Boston Consulting Group released a research update on energy storage.
In this report, the team suggests that Compressed-Air Energy Storage or CAES could be a strong intermediary technology for stationary energy storage. This based on the assumption that the current costs for batteries are still relatively high. CAES offers lower upfront CapEx. However, the technology is somewhat dependent on fossil fuel, provides low efficiency and its operational flexibility is questionable. For the time being, Utility providers can still absorb the relatively low variability of supply from wind power (which makes up only 2% of the US energy mix today) and thus CAES is a viable interim solution. Should the variable component of the energy mix raise to 20% or thereabout and energy supply from those sources renewable sources outstrip demand, grid operators will face significant risks. (see Rachel Johnson’s article ‘Energy Storage: enabling a shift away from baseload generation‘ on ifandp.com)
Interestingly, the BCG team sees Hydrogen Storage Tech as the tech-app that will super seed CAES in the medium term (post 2020). The business case is simple. Today, 100 gigawatts of pumped energy storage exists globally. ‘More than 1GW of stored power relies on technologies such as CAES or batteries, and an additional 4GW of electricity storage projects have been announced.’
The global market demand for energy storage solutions is likely to scale as Renewable Energy becomes more widespread amongst the energy mix. The addressable market is estimated to be €1bn today, increasing to €2-3bn pa until 2015 after which this could steadily rise to €4-6bn annually to 2020. After 2020, BCG sees the global market at €10bn per annum and possibly more.
So how should we play it? Where is the investment opp? Firstly, VC and PE firms alike see significant value in the electricity segment which is probably no news. Yet, capitalizing on the opportunity appears harder than at first glance. In a nutshell, the investment case is simple from a utility perspective as ultimately the market will end-up as ‘coupon-clipping’/ bond like investment model. As we have pointed out on a number of previous posts, lithium-ion battery technology companies are worthwhile having a look at. Obviously, the pure-play investment would be into the raw-material market, i.e. investment in commodities. The price volatility may not be for the faint hearted, however.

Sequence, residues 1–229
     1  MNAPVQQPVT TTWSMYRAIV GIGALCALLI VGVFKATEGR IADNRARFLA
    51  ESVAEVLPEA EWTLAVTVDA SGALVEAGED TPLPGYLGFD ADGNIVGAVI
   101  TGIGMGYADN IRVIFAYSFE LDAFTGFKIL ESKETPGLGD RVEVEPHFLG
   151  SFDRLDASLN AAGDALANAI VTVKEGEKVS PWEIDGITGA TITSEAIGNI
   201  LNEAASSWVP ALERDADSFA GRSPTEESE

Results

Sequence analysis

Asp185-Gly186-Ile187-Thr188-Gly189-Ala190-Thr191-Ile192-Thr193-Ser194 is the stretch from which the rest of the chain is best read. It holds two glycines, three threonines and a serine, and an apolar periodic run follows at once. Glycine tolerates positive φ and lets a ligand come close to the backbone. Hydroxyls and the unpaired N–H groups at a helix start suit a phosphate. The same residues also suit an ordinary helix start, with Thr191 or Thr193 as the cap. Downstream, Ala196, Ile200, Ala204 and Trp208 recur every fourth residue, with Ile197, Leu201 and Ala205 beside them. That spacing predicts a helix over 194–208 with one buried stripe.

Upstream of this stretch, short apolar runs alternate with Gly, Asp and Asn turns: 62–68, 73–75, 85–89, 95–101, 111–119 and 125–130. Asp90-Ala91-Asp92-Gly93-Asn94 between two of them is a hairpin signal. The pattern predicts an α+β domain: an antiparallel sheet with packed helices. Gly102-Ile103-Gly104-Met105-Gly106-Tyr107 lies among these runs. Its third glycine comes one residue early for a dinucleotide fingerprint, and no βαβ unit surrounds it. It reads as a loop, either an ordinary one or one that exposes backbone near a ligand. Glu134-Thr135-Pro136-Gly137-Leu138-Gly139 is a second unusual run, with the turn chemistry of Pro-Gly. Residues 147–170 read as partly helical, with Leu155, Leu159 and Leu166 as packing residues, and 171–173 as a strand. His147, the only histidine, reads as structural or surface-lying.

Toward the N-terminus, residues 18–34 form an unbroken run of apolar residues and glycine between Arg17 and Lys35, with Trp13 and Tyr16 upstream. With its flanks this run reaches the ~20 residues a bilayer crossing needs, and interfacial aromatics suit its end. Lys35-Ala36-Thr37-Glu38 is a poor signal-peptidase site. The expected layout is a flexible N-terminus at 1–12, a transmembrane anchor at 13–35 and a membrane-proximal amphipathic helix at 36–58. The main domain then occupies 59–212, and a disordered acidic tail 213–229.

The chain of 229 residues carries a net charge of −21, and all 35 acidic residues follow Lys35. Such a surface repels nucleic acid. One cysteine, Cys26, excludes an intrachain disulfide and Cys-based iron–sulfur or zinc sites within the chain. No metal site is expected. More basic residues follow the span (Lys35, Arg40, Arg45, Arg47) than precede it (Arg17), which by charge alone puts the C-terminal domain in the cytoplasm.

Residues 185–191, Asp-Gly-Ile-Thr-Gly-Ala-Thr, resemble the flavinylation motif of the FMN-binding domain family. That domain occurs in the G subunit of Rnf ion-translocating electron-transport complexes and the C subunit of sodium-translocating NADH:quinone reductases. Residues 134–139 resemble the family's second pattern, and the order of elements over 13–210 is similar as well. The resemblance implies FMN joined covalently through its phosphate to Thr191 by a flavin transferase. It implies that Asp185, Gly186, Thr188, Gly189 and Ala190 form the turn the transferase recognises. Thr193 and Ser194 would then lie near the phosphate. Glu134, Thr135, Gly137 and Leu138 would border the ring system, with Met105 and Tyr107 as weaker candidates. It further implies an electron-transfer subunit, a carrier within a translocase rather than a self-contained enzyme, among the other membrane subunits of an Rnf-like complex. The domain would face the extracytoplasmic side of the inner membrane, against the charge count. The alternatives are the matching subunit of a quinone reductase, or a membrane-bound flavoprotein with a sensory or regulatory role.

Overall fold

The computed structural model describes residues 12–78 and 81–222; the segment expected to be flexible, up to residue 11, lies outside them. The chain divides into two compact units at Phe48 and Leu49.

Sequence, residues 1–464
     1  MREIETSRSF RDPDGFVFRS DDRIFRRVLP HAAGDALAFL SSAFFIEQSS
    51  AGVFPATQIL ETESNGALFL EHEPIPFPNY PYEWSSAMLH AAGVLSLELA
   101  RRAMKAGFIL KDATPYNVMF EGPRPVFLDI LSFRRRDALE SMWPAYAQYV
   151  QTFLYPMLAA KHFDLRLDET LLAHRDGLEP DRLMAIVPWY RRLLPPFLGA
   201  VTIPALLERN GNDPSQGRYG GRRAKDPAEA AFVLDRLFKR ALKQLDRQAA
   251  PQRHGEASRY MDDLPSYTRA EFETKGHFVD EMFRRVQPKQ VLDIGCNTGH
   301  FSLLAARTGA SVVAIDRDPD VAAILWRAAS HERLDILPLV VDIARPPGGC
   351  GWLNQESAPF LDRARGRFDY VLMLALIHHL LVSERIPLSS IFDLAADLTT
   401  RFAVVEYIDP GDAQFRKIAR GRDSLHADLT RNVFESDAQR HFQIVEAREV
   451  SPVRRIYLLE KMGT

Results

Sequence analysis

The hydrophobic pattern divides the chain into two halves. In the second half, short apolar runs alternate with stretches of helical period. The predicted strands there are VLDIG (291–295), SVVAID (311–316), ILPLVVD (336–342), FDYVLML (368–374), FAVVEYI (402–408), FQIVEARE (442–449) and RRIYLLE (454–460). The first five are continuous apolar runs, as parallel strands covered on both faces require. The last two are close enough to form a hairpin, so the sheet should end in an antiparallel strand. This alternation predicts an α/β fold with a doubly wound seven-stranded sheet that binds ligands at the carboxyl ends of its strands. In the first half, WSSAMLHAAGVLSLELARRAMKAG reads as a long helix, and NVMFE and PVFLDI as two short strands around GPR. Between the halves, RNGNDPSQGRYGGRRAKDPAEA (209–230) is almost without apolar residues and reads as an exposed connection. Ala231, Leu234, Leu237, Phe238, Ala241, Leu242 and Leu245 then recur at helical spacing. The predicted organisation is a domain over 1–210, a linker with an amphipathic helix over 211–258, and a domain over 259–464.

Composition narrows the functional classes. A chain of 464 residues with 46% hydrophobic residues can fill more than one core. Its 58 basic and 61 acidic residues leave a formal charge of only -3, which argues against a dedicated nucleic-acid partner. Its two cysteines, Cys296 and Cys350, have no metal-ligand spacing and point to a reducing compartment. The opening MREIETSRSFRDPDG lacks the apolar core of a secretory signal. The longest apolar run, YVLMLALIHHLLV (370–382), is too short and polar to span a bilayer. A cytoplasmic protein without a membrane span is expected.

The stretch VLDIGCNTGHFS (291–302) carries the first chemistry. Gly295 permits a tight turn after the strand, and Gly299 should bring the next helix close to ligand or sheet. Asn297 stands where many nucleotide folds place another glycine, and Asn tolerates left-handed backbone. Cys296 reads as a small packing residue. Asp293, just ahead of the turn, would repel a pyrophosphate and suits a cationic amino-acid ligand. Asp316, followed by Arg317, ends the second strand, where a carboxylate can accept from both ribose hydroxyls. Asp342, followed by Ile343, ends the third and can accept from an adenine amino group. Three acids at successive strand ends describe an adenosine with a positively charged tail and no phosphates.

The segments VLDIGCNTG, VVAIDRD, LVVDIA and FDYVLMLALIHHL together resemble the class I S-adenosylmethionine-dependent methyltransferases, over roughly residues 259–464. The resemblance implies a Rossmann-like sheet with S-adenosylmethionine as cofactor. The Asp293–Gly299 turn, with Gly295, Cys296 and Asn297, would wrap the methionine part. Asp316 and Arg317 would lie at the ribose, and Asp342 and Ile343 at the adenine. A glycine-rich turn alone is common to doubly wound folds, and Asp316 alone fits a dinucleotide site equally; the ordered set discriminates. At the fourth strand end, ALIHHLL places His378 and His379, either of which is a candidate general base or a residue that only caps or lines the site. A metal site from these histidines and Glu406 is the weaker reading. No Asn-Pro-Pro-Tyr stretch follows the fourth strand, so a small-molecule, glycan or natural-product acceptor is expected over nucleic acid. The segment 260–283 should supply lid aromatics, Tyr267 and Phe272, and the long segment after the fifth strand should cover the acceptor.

The electric vehicle market is probably closest to the consumer and is in itself another interesting and very contested market with significant fragmentation at this stage. This should enable the savvy investor to earn a substantial return if one is able to estimate which firm will end up grabbing a significant market share. ‘Independent’ electric vehicles producer have certainly grabbed headlines in the past few years but whether they have the business execution capabilities, global distribution, and marketing competence remains to be seen (we think of Tesla, Th!nk City et al). For our part, we monitor what the global middle-class car manufacturers including Mitsubishi, Peugeot, Renault and Volkswagen are up to. General Motors appears to have found a new footing by refocusing their efforts on the E-segment and is likely to have the distribution power that will be needed to pay for the CapEx and OpEx required to succeed in the race to E-Vehicle glory. On the marketing side, BMW has recently unveiled that it will call its E-fleet ‘BMW-i Born Electric‘ analog to Apple’s iPhone, iPad etc series. We will have to wait and see whether BMW can live up to consumer expectations.
BCG further suggests that manufacturers of components linked to energy technology could be an interesting play. Examples include, pumps, compressors, turbines, inverters, switchgear. We agree, yet at this stage clear segment leaders have yet to emerge whilst process design is still emerging and efficiency in all design steps are still being developed. Technology start-ups are sitting in the starting blocks to either receive Series A funding or indeed are waiting for re-ups after the trough periods 2009/2010. We continue to focus on energy storage as one of the most viable ways to make money in renewable energy for investors.